WiMN: Tell us more about your children’s music band, The Silly String Band. What made you want to play children’s music?

VB: Children’s music is a passion of mine. I was a pre-school teacher for three years and I was able to watch children blossom in a music-rich environment. I loved incorporating music into daily routines. The Silly String band is my three daughters and me. Our band focuses on family engaging performances where we pass out shakers and kazoos to the audience and ask them to play along. Our shows are such a joy to play.

WiMN: What’s your favorite genre to perform?

VB: My favorite genre is pop/punk and rock. I love to get the crowd going and to keep the pace going. I love to write songs that people can sing along to.

WiMN: What made you realize that you wanted to create a music festival?

VB: The festival began about five years ago. While on bed rest, I watched a documentary about Gloria Steinman. Two quotes of hers stood out to me, “A feminist is anyone who recognizes the equality and full humanity of women and men,” and, “The best way for us to cultivate fearlessness in our daughters and other young women is by example. If they see their mothers and other women in their lives going forward despite fear, they’ll know it’s possible.”

These words meant so much to me. They had an impact on me. I wanted to stand up for women and make a difference in the community. The documentary highlighted the rise of Ms. Magazine and had a short piece on the National Women’s Music Festival. The National Women’s Music Festival happens each year in Middletown, Wis. I do not have the resources to attend, nor do many women on the west coast.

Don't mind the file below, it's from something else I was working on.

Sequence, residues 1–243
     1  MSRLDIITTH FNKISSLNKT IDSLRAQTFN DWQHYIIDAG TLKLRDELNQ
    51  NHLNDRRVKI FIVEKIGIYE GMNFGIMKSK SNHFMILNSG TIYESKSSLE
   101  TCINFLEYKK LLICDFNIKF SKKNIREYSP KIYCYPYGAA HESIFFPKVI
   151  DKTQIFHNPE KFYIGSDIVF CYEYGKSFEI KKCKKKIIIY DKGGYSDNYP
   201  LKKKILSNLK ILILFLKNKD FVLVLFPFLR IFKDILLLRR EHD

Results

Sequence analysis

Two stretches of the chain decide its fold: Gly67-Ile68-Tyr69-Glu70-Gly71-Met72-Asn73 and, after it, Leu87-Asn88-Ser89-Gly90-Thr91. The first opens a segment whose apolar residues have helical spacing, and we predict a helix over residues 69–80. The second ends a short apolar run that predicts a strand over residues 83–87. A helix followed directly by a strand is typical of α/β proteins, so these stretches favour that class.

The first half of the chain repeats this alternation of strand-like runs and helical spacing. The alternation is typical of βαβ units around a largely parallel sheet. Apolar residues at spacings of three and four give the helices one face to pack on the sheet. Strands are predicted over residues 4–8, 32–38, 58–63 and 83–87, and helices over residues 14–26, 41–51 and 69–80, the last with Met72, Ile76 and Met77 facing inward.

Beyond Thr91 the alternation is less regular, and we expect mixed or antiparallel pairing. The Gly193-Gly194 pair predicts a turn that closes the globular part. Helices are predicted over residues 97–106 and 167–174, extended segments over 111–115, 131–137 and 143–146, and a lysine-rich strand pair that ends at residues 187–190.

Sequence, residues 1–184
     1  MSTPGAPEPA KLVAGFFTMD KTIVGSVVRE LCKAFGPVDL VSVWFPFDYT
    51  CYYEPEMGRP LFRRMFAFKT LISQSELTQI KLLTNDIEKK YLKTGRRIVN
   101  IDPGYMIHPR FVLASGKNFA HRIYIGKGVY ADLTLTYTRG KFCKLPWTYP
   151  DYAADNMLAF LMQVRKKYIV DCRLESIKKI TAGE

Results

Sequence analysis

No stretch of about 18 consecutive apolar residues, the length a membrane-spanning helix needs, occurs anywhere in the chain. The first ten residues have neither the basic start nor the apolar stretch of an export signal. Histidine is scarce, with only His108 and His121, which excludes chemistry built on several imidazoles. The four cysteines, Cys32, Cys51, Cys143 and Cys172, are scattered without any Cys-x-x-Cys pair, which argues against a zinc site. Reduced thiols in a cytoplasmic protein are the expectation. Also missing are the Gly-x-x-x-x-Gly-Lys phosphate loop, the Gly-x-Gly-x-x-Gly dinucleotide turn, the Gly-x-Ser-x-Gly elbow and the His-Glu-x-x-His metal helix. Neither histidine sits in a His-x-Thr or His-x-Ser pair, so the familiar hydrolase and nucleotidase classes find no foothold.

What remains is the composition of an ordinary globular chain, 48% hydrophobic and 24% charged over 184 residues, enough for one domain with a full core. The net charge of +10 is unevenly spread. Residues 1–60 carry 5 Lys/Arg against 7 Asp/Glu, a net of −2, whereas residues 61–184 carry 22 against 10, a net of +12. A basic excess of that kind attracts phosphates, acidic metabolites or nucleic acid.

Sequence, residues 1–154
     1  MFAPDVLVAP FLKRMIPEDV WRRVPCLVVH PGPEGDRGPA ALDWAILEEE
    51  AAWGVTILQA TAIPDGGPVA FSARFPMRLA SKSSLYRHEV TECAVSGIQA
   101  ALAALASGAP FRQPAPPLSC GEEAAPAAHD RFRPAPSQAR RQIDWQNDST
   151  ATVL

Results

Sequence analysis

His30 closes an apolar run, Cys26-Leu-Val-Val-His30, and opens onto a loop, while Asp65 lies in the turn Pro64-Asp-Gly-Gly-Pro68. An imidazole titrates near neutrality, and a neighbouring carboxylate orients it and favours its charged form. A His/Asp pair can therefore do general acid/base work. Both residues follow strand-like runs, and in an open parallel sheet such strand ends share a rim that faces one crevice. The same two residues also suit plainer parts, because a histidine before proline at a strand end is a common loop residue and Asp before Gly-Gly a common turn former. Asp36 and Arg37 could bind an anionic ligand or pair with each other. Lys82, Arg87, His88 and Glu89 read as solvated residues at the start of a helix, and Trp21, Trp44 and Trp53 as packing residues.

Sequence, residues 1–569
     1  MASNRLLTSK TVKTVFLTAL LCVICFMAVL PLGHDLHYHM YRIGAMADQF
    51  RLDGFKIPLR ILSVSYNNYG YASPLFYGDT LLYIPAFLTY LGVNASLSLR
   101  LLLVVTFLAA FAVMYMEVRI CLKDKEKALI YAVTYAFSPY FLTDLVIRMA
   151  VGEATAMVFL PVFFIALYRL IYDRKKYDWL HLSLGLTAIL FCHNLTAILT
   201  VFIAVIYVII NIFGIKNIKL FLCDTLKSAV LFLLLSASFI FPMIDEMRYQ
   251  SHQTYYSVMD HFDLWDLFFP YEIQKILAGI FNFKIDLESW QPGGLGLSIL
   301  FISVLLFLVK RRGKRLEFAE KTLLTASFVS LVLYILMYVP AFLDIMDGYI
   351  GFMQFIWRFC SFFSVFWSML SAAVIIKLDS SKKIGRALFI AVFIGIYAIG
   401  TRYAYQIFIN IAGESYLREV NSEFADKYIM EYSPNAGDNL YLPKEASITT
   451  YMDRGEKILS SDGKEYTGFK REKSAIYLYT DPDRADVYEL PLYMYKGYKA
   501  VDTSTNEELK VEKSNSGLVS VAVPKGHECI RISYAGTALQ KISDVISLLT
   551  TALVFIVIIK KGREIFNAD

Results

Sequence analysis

I thought, “Why don’t we have a women’s music festival in California?” There was definitely a need in the community for solidarity amongst women musicians. I wanted to create a foundation that would assist women of all ages while giving women of northern California an opportunity to display their talents in the fine arts.

Our committee now includes local women artists, promoters, poets, musicians, and community members committed to advancing women of all ages in the fine arts and business. Our motto is: Community for Every Woman.

I feel that we have a chance to make a positive impact on the women of Northern California and California by donating to agencies and programs that assist women such as the Women’s Haven Center, and through our enrichment grant opportunity which is open to women of all ages and is specifically focused on extracurricular activities such as self-defense classes, parenting, music, and art classes to name a few.

WiMN: Which artists would you love to see perform on the NCWMF stage?

VB: I would love to have Brandi Carlile, Joan Jett, Miranda Lambert, The Dixie Chicks, Annie Lennox, Wanda Jackson, The Breeders, Garbage, Björk, Kimbra. That list could get very exhaustive. There are so many great women musicians out there.

WiMN: What are your music plans for 2015?

VB: My music plans are to get my music recorded. I have an album full of songs that I need to get recorded. Write a new song every month. Play a few shows a month. Plan and deliver a great festival for 2015. Our line-up this year is so good with legendary performers like Tracy Bohnam, Lita Ford and Barbara Dane. I am so excited for everything this year brings.